• By Jeffrey Chester The COVID-19 pandemic is a profound global public health crisis that requires our upmost attention: to stem its deadly tide and rebuild the global health system so we do not experience such a dire situation in the future. It also demands that we ensure the U.S. has a digital media system that is democratic, accountable, and one that both provides public services and protects privacy. The virus is profoundly accelerating our reliance on digital media worldwide, ushering (link is external) in “a new landscape in terms of how shoppers are buying and how they are behaving online and offline.” Leading platforms—Amazon, Facebook and Google—as well as many major ecommerce and social media sites, video streaming services, gaming apps, and the like—are witnessing a flood of people attempting to research health concerns, order groceries and supplies, view entertainment and engage in communication with friends and family. According to a marketing industry report (link is external), “nearly 90% of consumers have changed their behavior because of COVID-19.” More data (link is external) about our health concerns, kids, financial status, products we buy and more are flowing into the databases of the leading digital media companies. The pandemic will further strengthen their power as they leverage all the additional personal information they are currently capturing as a consequence of the pandemic. This also poses a further threat to the privacy of Americans who are especially dependent on online services if they are to survive. The pandemic is accelerating societal changes (link is external) in our relationship to the Internet. For example, marketers predict that we are witnessing the emergence of an experience they call the “fortress home”—as “consumer psychology shifts into an extreme form of cocooning.” The move to online buying via ecommerce—versus going to a physical store—will become an even more dominant consumer behavior. So, too, will in-home media consumption increase, especially the reliance on streaming (“OTT”) video. Marketers are closely examining all these pandemic-related developments using a global lens—since the digital behaviors of all consumers—from China to the U.S.—have so many commonalities. For example, Nielsen has identified six (link is external) “consumer behavior thresholds” that reveal virus-influenced consumer buying behaviors, such as “quarantined living preparation” and “restricted living.” A host of sites are now regularly reporting how the pandemic impacts the public, and what it means for marketing and major brands. See, for example, Ipsos (link is external), Comscore (link is external), Nielsen (link is external), Kantar (link is external), and the Advertising Research Foundation (ARF (link is external)). In addition to the expanded market power of the giants, there are also growing threats to our privacy from surveillance by both government (link is external) and the commercial sector. Marketers are touting how all the real-time geolocation data that is continuously mined from our mobile devices, wearables (link is external) and “apps” can help public health experts better respond to the virus and similar threats. At a recent (link is external) Advertising Research Foundation townhall on the virus it was noted that “the location-based data that brand stewards have found useful in recent years to deliver right-time/right-place messages has ‘gone from being useful that helps businesses sell a little bit more’ to truly being a community and public-health tool.” Marketers will claim that they have to track all our moves because it’s in the national interest in order to sanction the rapid expansion of geo-surveillance (link is external) in all areas of our lives. They are positioning themselves to be politically rewarded for their work on the pandemic, hoping it will immunize them from the growing criticism about their monopolistic and anti-consumer privacy behaviors. Amazon, Facebook, Google, Snapchat and various “Big Data” digital marketing companies announced (link is external), for example, a COVID-19 initiative with the White House and CDC. Brokered by the Ad Council, it will unleash various data-profiling technologies, influencer marketing, and powerful consumer targeting engines to ensure Americans receive information about the virus. (At the same time, brands are worried about having their content appear alongside information about the coronavirus, adopting new (link is external) “brand safety” tools that can “blacklist” news and other online sites. This means that the funding for journalism and public safety information becomes threatened (link is external) because advertisers wish to place their own interests first.) But the tactics (link is external) now sanctioned by the White House are the exact same ones that must be addressed in any legislation that effectively protects our privacy online. We believe that the leading online companies should not be permitted to excessively enrich themselves during this moment by gathering even more information on the public. They will mine this information for insights that enable them to better understand our private health needs and financial status. They will know more about the online behaviors of our children, grandparents and many others. Congress should enact protections that ensure that the data gathered during this unprecedented public health emergency are limited in how they can be used. It should also examine how the pandemic is furthering the market power of a handful of platforms and ecommerce companies, to ensure there is a fair marketplace accessible to the public. It’s also evident there must be free or inexpensively priced broadband for all. How well we address the role of the large online companies during this period will help determine our ability to respond to future crises, as well as the impact of these companies on our democracy.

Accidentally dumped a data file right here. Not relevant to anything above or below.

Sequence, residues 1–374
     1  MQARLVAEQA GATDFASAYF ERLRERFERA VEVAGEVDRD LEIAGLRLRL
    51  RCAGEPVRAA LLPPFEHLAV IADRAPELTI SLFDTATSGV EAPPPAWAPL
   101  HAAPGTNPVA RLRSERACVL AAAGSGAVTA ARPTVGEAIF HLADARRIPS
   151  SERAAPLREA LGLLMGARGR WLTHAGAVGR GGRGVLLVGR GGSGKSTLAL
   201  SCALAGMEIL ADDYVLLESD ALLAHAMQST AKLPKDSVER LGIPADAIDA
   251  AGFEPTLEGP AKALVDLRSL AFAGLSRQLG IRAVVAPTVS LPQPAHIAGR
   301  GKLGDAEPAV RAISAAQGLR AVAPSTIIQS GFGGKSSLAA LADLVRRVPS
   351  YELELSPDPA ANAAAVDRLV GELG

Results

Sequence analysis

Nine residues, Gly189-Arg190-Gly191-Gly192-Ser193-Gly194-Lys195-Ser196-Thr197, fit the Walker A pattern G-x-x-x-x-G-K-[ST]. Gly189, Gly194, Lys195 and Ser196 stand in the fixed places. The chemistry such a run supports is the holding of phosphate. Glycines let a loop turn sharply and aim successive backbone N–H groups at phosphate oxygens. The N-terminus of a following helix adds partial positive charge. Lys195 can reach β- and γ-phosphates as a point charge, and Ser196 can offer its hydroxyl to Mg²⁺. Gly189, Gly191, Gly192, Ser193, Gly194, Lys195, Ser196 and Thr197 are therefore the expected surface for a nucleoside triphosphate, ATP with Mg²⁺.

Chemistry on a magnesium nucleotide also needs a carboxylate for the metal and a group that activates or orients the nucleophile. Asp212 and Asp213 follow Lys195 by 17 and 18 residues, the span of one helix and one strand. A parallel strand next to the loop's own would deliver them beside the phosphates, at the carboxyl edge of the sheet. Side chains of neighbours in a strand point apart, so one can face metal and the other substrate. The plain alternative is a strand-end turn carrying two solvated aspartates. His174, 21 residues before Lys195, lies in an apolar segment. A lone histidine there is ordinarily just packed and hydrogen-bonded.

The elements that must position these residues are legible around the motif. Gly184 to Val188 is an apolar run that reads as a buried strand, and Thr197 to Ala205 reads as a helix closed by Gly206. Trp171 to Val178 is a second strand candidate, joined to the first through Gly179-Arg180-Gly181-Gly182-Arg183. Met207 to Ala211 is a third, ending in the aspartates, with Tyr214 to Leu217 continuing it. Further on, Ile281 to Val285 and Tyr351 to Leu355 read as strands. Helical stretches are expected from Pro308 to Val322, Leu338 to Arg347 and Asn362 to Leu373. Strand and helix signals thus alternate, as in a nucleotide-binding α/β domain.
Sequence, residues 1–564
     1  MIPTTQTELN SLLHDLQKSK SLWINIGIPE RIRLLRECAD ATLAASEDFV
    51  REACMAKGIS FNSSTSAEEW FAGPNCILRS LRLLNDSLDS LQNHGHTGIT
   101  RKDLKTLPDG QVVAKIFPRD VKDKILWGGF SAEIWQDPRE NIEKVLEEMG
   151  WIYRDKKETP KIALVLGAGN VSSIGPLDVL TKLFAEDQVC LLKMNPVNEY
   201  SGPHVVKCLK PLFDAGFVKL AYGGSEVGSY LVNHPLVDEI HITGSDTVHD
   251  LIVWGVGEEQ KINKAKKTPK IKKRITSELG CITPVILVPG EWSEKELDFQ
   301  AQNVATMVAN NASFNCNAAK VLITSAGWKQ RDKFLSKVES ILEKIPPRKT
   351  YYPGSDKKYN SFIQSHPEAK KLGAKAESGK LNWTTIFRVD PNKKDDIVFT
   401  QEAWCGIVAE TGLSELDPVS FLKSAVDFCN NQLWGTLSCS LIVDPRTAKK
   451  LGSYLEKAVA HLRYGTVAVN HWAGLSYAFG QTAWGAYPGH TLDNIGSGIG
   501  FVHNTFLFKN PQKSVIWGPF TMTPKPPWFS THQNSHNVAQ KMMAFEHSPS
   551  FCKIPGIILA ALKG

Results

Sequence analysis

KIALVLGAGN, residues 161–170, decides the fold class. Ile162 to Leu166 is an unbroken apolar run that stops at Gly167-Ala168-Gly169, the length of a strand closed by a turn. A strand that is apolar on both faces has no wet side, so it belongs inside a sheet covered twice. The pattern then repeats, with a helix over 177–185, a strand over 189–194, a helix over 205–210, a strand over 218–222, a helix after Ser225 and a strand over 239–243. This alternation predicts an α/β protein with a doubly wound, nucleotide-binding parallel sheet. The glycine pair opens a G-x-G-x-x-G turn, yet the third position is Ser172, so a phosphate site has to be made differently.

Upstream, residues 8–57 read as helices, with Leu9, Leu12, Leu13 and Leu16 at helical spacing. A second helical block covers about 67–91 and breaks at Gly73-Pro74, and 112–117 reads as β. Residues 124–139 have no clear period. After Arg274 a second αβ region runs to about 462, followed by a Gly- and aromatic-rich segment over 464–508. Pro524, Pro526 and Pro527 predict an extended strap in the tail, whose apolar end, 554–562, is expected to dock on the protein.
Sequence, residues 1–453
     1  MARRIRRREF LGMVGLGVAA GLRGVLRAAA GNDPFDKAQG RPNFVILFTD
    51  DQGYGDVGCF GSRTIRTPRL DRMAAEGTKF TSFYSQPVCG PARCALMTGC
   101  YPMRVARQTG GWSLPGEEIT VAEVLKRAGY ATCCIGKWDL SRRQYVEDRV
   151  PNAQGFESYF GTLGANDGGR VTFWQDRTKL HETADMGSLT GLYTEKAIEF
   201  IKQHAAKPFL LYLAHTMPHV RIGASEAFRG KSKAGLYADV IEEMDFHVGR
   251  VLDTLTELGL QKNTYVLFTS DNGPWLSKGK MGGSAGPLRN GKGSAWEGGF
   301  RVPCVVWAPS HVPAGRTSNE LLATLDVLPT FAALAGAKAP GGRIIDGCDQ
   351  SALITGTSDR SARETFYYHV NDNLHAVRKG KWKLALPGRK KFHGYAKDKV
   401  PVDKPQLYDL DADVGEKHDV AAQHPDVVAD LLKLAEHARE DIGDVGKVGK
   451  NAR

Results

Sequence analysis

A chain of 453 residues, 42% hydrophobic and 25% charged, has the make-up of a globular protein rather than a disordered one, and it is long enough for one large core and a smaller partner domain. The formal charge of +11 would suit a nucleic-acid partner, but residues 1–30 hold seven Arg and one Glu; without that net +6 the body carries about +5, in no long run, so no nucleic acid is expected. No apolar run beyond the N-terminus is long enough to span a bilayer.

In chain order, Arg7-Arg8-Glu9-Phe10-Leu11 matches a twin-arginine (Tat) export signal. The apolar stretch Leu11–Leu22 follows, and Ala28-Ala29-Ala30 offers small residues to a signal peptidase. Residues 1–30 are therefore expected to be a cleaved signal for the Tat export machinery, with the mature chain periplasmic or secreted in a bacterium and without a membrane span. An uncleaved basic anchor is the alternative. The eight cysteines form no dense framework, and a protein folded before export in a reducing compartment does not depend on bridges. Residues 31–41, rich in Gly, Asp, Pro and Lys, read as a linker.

• A new report (link is external) on how political marketing insiders and platforms such as Facebook view the “ethical” issues raised by the role of digital marketing in elections illustrates why advocates and others concerned about election integrity should make this issue a public-policy priority. We cannot afford to leave it in the hands of “Politech” firms and political campaign professionals, who appear unable to acknowledge the consequences to democracy of their unfettered use of powerful data-driven online-marketing applications. “Digital Political Ethics: Aligning Principles with Practice” reports on a series of conversations and a two-day meeting last October that included representatives of firms (such as Blue State, Targeted Victory, WPA Intelligence, and Revolution Messaging) that work either for Democrats or Republicans, as well as officials from both Facebook and Twitter. The goal of the project was to “identify areas of agreement among key stakeholders concerning ethical principles and best practices in the conduct of digital campaigning in the U.S.” Perhaps it should not be a surprise that this group of people appears to be incapable of critically examining (or even candidly assessing) all of the problems connected with the role of digital marketing in political campaigns. Missing from the report is any real concern about how today’s electoral process takes advantage of the absence of any meaningful privacy safeguards in the U.S. A vast commercial surveillance apparatus that has no bounds has been established. This same system that is used to market goods and services, and which is driven by data-brokers, marketing clouds, (link is external) real-time ad-decision engines, geolocation (link is external) identification and other AI-based (link is external)technologies—along with the clout of leading platforms and publishers—is now also used for political purposes. All of us are tracked and profiled 24/7, including where we go and what we do—with little location privacy anymore. Political insiders and data ad companies such as Facebook, however, are unwilling to confront the problem of this loss of privacy, given how valuable all this personal data is to their business model or political goal. Another concern is that these insiders now view digital marketing as a normative, business-as-usual process—and nothing out of the ordinary. But anyone who knows how the system operates should be deeply concerned about the nontransparent and often far-reaching ways digital marketing is constructed to influence (link is external) our decision-making and behaviors, including at emotional (link is external) and subconscious (link is external) levels. The report demonstrates that campaign officials have largely accepted as reasonable the various invasive and manipulative technologies and techniques that the ad-tech industry has developed over the past decade. Perhaps these officials are simply being pragmatic. But society cannot afford such a cynical position. Today’s political advertising is not yesterday’s TV commercial—nor is it purely an effort to “microtarget” sympathetic market segments. Today’s digital marketing apparatus follows all of us continuously, Democrats, Republicans, and independents alike. The marketing ecosystem (link is external) is finely tuned to learn how we react, transforming itself depending on those reactions, and making decisions about us in milliseconds in order to use—and refine—various tactics to influence us, entirely including new ad formats, each tested and measured to have us think and behave one way or another. And this process is largely invisible to voters, regulators and the news media. But for the insiders, microtargeting helps get the vote out and encourages participation. Nothing much is said about what happened in the 2016 U.S. election, when some political marketers sought to suppress the vote among communities of color, while others engaged is disinformation. Some of these officials now propose that political campaigns should be awarded a digital “right of way” that would guarantee them unfettered access to Facebook, Google and other sites, as well as ensure favorable terms and support. This is partly in response to the recent and much-needed reforms adopted by Twitter (link is external)and Google (link is external)that either eliminate or restrict how political campaigns can use their platforms, which many in the politech industry dislike. Some campaign officials see FCC (link is external) rules regulating TV ads for political ads as an appropriate model to build policies for digital campaigning. That notion should be alarming to those who care about the role that money plays in politics, let alone the nature of today’s politics (as well as those who know the myriad failures of the FCC over the decades). The U.S. needs to develop a public policy for digital data and advertising that places the interests of the voter and democracy before that of political campaigns. Such a policy should include protecting the personal information of voters; limiting deceptive and manipulative ad practices (such as lookalike (link is external) modeling); as well as prohibiting those contemporary ad-tech practices (e.g., algorithmic based real-time programmatic (link is external) ad systems) that can unfairly influence election outcomes. Also missing from the discussion is the impact of the never-ending expansion of “deep-personalization (link is external)” digital marketing applications designed to influence and shift consumer behavior more effectively. The use of biodata, emotion recognition (link is external), and other forms of what’s being called “precision data”—combined with a vast expansion of always-on sensors operating in an Internet of Things world—will provide political groups with even more ways to help transform electoral outcomes. If civil society doesn’t take the lead in reforming this system, powerful insiders who have their own conflicts of interests will be able to shape the future of democratic decision-making in the U.S. We cannot afford to leave it to the insiders to decide what is best for our democracy.